# Quotient And Product Rule Formula With Easy Examples Quotient And Product Rule Formula: The quotient principle is an official rule for identifying problems where one function is divided by another. It follows from the limit definition of derivative and can be given by. Remember the rule in the following manner. Always start with the “bottom” function and finish with the “underside” function squared. The quotient rule is defined as the quantity of the denominator times the derivative of the numerator minus the numerator times the derivative of the denominator all around the denominator squared.

The item Rule claims that the derivative of a product of two functions is that the very first function times the derivative of the second function plus the next function times the derivative of the first purpose. The Product Rule Formula must be utilized while the derivative of the quotient of two functions is to be taken.

Quotient Rule Derivative

## Definition and Formula

The quotient principle is a formula for taking the derivative of a quotient of two functions. It makes it a bit easier to keep track of each the terms. Let’s look at the formulation.

For Those Who Have function f(x) in the numerator and the function g(x) in the denominator, then the derivative is found using this formula:

Take g(x) times the derivative of f(x).In this formulation, the d denotes a derivative. Therefore, df(x) means the derivative of function f and dg(x) means the derivative of function gram. The formula states that to find the derivative of f(x) divided by g(x), you must:

Then from that item, you must subtract the product of f(x) times the derivative of g(x).
Finally, you split those terms by g(x) squared. Suggested – What Are Centripetal Acceleration Formula? Example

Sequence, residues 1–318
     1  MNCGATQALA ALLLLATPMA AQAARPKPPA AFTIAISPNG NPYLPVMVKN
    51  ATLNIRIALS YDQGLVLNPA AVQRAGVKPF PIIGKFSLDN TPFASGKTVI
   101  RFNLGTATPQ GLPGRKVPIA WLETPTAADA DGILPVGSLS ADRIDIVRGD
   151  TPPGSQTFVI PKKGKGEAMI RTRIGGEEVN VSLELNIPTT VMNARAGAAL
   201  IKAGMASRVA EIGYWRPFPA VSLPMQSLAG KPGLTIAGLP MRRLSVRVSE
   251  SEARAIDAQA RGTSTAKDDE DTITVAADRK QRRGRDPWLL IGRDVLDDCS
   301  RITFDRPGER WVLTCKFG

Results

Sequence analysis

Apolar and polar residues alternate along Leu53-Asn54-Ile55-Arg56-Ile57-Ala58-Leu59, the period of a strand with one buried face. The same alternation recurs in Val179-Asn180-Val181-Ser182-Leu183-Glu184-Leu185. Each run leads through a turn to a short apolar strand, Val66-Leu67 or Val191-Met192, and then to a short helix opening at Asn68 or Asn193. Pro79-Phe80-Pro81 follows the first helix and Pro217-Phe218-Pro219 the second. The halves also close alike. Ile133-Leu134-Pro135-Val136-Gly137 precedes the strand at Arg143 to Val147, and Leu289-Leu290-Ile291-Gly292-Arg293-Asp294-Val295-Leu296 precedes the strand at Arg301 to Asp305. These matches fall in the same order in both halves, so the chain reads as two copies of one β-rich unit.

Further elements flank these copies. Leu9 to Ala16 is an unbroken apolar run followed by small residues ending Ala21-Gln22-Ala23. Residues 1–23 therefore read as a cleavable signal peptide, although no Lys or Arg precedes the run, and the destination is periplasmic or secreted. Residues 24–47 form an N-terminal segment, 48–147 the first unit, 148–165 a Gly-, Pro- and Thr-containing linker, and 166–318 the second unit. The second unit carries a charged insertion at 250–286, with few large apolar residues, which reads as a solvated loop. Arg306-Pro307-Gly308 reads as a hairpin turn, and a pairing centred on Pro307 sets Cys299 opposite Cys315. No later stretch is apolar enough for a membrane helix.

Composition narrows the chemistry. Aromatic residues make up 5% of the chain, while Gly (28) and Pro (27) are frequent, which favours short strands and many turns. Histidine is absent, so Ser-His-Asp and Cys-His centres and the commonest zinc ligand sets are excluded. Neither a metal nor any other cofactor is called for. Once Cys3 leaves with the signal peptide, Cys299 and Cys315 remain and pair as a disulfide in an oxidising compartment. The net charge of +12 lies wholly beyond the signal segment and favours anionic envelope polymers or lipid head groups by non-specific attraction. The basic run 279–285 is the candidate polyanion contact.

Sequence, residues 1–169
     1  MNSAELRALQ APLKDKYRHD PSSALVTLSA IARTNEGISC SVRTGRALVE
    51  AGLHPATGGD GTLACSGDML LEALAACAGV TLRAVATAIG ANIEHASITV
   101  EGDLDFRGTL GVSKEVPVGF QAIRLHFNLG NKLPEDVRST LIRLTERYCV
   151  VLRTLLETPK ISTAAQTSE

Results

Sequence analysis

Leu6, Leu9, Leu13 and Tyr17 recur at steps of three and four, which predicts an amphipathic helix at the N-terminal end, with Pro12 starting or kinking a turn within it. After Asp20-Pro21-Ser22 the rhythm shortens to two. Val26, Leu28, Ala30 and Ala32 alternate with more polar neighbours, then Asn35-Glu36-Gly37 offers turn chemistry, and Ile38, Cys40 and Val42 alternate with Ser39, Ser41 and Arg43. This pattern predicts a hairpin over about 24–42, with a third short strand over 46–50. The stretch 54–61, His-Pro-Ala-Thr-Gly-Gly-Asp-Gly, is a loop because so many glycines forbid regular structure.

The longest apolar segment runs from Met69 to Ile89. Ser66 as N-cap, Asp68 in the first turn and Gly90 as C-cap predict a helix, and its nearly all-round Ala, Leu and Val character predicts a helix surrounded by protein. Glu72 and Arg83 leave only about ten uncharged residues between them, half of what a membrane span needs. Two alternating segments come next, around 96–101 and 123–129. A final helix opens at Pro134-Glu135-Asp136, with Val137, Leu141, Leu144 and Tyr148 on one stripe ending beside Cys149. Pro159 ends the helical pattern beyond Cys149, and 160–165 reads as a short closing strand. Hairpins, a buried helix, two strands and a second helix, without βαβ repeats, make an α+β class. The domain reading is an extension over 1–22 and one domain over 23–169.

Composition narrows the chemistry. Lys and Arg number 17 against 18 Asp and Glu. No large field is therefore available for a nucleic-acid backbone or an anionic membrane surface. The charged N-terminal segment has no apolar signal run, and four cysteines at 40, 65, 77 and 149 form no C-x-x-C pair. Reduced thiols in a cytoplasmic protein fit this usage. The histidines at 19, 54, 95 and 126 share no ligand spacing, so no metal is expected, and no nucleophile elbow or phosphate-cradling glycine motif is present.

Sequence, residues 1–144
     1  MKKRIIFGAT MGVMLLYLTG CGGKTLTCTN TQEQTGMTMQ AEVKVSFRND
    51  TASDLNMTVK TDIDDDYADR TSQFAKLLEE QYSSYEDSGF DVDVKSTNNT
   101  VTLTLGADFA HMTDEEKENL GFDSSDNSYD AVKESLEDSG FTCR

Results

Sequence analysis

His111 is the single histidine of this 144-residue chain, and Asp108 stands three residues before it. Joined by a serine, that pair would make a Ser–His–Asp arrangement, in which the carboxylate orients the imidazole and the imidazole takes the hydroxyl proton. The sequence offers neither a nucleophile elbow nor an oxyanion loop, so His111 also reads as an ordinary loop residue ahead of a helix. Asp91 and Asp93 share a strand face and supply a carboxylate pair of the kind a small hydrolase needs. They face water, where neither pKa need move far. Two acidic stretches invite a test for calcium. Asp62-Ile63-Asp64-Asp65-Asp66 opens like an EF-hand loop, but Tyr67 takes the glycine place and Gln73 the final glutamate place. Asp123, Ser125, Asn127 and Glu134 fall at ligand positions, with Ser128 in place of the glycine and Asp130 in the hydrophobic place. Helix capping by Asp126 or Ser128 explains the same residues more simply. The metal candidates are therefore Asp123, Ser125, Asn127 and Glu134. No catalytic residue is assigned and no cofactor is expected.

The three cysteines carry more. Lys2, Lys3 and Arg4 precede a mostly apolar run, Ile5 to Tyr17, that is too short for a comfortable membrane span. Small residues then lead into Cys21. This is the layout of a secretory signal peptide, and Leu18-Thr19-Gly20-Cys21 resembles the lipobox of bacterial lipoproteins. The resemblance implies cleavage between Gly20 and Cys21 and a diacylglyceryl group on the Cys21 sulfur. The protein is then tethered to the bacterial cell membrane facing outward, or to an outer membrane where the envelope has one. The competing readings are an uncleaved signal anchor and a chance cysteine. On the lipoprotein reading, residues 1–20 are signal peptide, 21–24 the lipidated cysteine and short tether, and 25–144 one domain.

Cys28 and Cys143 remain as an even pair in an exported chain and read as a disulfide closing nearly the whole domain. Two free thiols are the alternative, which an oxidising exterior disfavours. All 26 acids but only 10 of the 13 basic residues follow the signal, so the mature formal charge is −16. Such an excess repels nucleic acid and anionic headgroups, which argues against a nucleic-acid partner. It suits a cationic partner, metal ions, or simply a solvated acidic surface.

## Mnemonic Device

The quotient rule formula may be somewhat hard to remember. Perhaps a little yodeling-type chant can help you. Envision a frog yodeling, ‘LO dHI not as HI dLO over LO LO.’ Within this mnemonic device, LO refers to the denominator function and HI denotes the numerator function.

Let us translate the frog’s yodel back in the formula for the quotient rule.

LO dHI signifies denominator times the derivative of the numerator: g(x) occasions df(x).

Less means ‘minus’.

HI dLO means numerator times the derivative of the denominator: f(x) times dg(x).

Over means ‘split by’.

LO LO means to take the denominator times itself: g(x) squared.

Quotient Rule Derivative Formula

Now, we want to be able to take the derivative of a fraction like f/g, in which f and g are two functions. This one is a little trickier to remember, but fortunately, it comes with its own song. The formulation is as follows:

How to Keep in Mind this Formula (with thanks to Snow White and the Seven Dwarves):

Replacing f by hi and gram by ho (hi for high up there in the numerator and ho for reduced down in the denominator), and letting D stand-in for ‘the derivative of’, the formula becomes

Quite simply, this really is “ho dee hello minus hi dee ho over ho ho”. But if Sleepy and Sneezy can recall that, it shouldn’t be any problem for you.

A Common Mistake: Assessing the quotient rule incorrectly and getting an additional minus sign in the response. It’s quite easy to forget whether it is ho dee hello (yes it is) or hi dee ho first (no, it’s not).

## Derivative Product Rule Formula And Quotient Rule

G(x) and when the two derivatives exist, then
g'(x) + f(x) . G'(x)

Quite simply, this means the derivative of a product is the first function times the derivative of this next purpose plus the next function times the derivative of the initial purpose.

Calculate the derivative of the function f(x,y) with respect to x by discovering d/dx (f(x,y)), treating y as though it were a constant. Use the product rule formula and/or string rule if needed.

Calculate the derivative of the function with respect to y by determining d/dy (Fx), treating x as though it were a constant. From the aforementioned example, the partial derivative Fxy of 6xy 2y is equal to 6x two. Also Check – Standard Form to Vertex Form? With Examples